The city caught on and the Kings have sold out the last 119 regular season games at the Staples Center. “It’s our time now, the Lakers are down and the people are embracing us. Will Ferrell’s the diehard, a huge Kings fan and he’s not afraid to wear his Kings jersey. I was on the beach yesterday and the shirts are out. We’re going to embrace it.”

Two years ago, Kingsley used his day with the Cup to bring it to his father-in-law’s house in Westford, where several hundred friends and relatives posed with the world’s most recognized trophy. This year he’s not sure what he’ll do. “We haven’t really thought about it, but it’s a nice problem to have. Wherever, it’ll be with friends and family.”

After Ghana tied the U.S. late in Monday’s World Cup game, the TV camera panned to Ghana’s jubilant yellow clad fans, some dressed in tribal gowns and wearing paint face. In his clipped British accent, play-by-play announcer Ian Darke proclaimed, “The resistance is broken!”

Minutes later, Darke reversed course when U.S. defender John Brooks’ header tweaked the twine for a stunning 2-1 win. “Quite incredible! He couldn’t even have dreamt that! Payback for the USA! Revenge! Served piping hot in the heat and humidity of Natal, Brazil!”

Brooks indeed claimed to have dreamt he’d scored the game-winning goal, and only a cynic (who, me?) would think that he’d heard Darke’s riff and picked up on the yarn.

The World Cup is getting good ratings and the athleticism is outstanding, but there’s a contrived drama that’s not helping endear the sport to Americans. The flops and fake injuries won’t work in the U.S., where fans want their players to be stoic — to be warriors, as Chris Kingsley would say.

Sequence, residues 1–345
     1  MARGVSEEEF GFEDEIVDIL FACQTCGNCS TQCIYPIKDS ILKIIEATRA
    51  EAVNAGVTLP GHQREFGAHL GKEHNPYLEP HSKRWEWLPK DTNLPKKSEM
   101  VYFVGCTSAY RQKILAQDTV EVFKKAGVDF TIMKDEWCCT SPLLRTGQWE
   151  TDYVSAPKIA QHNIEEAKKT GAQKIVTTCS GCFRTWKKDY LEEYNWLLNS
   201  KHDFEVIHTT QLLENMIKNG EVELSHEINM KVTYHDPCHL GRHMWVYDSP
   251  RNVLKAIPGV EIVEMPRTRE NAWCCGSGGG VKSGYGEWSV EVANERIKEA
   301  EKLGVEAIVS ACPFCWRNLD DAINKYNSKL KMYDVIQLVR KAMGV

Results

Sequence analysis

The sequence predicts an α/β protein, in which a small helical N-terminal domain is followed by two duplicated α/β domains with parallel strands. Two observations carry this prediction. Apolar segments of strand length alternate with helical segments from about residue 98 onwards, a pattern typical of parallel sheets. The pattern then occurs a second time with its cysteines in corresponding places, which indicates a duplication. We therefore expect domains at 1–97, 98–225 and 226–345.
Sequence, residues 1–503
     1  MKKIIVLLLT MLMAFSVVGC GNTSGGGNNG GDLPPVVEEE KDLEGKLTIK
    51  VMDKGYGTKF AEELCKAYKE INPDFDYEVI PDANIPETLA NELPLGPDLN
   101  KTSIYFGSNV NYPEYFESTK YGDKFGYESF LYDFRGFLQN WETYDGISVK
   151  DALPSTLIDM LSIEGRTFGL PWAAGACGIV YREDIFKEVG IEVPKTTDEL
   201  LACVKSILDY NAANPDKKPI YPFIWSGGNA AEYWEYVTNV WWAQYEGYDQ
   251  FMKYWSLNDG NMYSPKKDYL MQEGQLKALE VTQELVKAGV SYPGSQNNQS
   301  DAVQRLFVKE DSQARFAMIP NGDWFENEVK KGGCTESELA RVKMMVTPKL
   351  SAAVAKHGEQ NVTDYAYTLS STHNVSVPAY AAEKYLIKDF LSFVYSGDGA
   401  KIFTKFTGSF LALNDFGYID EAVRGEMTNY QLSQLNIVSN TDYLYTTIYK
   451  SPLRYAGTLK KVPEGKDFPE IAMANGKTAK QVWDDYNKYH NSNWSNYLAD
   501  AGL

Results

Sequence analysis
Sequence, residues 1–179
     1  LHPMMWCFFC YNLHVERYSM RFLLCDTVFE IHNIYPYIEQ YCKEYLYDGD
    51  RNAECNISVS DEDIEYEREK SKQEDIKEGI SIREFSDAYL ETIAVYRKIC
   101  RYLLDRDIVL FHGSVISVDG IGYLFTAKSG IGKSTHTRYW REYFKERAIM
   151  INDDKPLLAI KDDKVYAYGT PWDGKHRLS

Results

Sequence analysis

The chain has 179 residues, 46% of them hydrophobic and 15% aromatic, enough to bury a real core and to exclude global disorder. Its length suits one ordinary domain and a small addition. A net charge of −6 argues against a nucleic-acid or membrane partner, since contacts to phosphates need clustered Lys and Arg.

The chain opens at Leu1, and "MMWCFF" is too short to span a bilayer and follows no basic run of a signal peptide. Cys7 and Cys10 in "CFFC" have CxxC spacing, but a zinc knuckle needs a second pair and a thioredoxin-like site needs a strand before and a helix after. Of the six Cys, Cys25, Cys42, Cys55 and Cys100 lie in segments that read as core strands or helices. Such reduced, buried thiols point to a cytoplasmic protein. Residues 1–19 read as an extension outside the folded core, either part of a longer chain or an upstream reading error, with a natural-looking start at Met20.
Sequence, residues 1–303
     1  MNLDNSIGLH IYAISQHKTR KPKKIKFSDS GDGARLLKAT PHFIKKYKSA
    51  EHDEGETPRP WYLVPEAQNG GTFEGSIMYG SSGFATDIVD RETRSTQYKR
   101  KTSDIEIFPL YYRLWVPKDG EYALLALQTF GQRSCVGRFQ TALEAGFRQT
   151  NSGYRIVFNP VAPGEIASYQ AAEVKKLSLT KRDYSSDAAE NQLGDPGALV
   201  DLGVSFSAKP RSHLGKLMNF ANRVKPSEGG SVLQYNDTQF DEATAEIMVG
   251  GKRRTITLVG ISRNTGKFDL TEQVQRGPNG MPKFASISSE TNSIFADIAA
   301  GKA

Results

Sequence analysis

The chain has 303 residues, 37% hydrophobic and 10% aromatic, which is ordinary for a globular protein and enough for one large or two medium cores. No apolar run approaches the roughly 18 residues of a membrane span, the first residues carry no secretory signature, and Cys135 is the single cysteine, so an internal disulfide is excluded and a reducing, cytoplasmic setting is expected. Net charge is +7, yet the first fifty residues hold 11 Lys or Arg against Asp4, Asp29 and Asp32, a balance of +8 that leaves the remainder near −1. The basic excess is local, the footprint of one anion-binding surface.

Squibbers: Jonathan Quick and Rangers’ forward Brian Boyle played six times against each other in Hockey East. Boyle’s from Hingham and played at Boston College. Against UMass he scored four goals and had five assists with Quick in the net, but managed only one goal and one assist against him in the playoffs. ... Kingsley said that in grammar school his favorite teacher was Lillian Brigham, and at GHS it was Jim Fotopolous. “And,” he added, “I loved to eat pizza at Village Pizza.” ... For what it’s worth, Tyler Seguin and Sidney Crosby both played 80 games this season and both scored 37 goals. ... The Orioles took a huge hit this week when catcher Matt Wieters (.308 average) was lost for the season to Tommy John surgery. Backup catcher Caleb Joseph is batting under .200 but has thrown out 44 percent of would-be base stealers. ... Detroit’s Max Scherzer and Justin Verlander gave up a combined 17 earned runs in back-to-back starts this week as the Royals plundered their way into first place. ... K.C. is in town for three games after the All-Star Break. ... Scherzer has different-colored eyes — one blue and one brown — prompting Keith Olberman to call him “Ole Blue Eye.” ... The good news is the Red Sox are East Division contenders, the bad news is the wild card winners are coming from either the Central or West or both. ... Happy summer solstice, only a pessimist would say it’s the first sign of winter.

Chip Ainsworth is an award-winning columnist who has penned his observations about sports for four decades in the Pioneer Valley.